Tales from the Trail

Reuters Washington Extra – Panetta’s pain

Leon Panetta, famous here in Washington for being a “budget guy”, has a budget challenge at the Pentagon that few would relish. He probably doesn’t relish it either, but it could be the crowning achievement in a remarkable career if he pulls it off.

Today he fired the opening salvo in what is expected to be a long budget fight in Congress for the American military of the future – a much leaner one at that. He’s trying to wear both hats, that of the budget guy (and historic deficit hawk) and that of a custodian of a strong military.

He will be hit with accusations of not cutting enough from a Defense Department that accounts for 20 percent of federal spending. But many on Capitol Hill are already blasting him for going too far, leading America toward irreparable decline.

Normally cool and collected, there is one type of cut that clearly makes Panetta uncomfortable – base closures – something he opened the door to doing today. As a former congressman, he knows the toll they take on a community, its jobs and its income. He called the process “a son of a bitch” in November. Today, there was no such tough language, but a clear acknowledgement that pain was on the way.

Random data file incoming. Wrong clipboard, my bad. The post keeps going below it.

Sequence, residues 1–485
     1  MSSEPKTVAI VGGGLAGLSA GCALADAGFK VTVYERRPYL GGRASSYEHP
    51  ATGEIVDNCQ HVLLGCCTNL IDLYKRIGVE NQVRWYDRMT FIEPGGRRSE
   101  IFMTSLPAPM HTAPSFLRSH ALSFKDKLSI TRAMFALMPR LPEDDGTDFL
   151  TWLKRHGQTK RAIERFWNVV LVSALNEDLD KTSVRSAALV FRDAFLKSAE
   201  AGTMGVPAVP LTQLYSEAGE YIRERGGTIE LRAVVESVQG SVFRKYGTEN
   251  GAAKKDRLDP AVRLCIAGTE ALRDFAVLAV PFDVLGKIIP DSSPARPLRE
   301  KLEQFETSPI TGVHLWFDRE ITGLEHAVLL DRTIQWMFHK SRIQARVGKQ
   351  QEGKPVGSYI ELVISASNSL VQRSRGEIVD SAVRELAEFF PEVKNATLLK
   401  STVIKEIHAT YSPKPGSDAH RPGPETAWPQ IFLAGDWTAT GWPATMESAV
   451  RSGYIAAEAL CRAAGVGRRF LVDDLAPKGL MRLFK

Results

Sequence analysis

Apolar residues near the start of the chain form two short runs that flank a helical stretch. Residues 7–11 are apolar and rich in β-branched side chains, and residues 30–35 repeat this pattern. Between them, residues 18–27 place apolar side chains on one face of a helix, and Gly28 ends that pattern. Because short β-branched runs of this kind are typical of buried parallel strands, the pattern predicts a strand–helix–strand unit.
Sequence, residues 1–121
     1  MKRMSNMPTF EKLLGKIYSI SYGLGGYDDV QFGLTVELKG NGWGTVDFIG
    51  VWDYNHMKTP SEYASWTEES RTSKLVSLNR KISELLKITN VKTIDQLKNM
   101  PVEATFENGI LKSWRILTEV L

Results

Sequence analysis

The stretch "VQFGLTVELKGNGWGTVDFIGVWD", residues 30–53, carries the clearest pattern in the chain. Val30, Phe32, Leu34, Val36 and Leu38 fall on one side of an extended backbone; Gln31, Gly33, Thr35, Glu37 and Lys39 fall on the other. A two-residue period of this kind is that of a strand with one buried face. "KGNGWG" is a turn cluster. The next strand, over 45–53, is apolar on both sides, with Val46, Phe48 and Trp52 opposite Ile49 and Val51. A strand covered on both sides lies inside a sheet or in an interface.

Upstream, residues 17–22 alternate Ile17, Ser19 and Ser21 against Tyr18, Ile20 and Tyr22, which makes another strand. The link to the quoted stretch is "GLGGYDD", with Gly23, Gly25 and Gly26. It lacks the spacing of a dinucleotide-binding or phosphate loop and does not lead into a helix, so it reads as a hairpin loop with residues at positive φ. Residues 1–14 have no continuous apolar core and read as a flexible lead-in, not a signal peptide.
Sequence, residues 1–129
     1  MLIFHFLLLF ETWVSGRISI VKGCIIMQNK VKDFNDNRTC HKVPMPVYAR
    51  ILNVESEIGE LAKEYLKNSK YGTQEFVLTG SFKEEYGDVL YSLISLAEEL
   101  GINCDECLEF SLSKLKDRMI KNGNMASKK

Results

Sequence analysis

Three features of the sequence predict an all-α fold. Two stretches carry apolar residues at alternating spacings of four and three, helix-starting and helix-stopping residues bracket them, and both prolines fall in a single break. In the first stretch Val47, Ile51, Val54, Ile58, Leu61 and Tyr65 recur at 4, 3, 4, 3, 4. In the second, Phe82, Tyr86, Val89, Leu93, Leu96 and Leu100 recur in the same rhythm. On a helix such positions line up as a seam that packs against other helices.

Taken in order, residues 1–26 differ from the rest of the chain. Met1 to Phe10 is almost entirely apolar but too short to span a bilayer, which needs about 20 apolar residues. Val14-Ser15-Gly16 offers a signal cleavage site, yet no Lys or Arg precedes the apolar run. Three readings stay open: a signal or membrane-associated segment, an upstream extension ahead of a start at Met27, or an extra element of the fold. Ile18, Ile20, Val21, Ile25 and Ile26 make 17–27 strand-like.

Here are our top stories from Washington…

Pentagon cuts reshape military, trim costs

The Pentagon unveiled a 2013 budget plan to cut the size of the U.S. military by eliminating nearly 100,000 ground troops, mothballing ships and trimming air squadrons in an effort to reduce spending by $487 billion over the next decade. “Make no mistake, the savings that we are proposing will impact all 50 states and many districts, congressional districts across America,” Defense Secretary Leon Panetta told a news conference at the Pentagon.

The First Draft: Preparing for a fall?

Are Democrats trying to soften the blow for President Barack Obama if the Democratic candidate for Virginia governor, Creigh Deeds, loses in the November elections?OBAMA/

The Washington Post thinks so. It says in a front page story that top Democrats sense that Deeds is likely to lose in the key swing state so they’re trying to distance Obama from him.

The article cites senior administration officials who are frustrated with the way Deeds has handled his campaign, saying he refused some strategic advice. They also say he did not reach out to some key constituencies that helped Obama win Virginia in the 2008 presidential race — the first time in decades that a Democrat won in that state.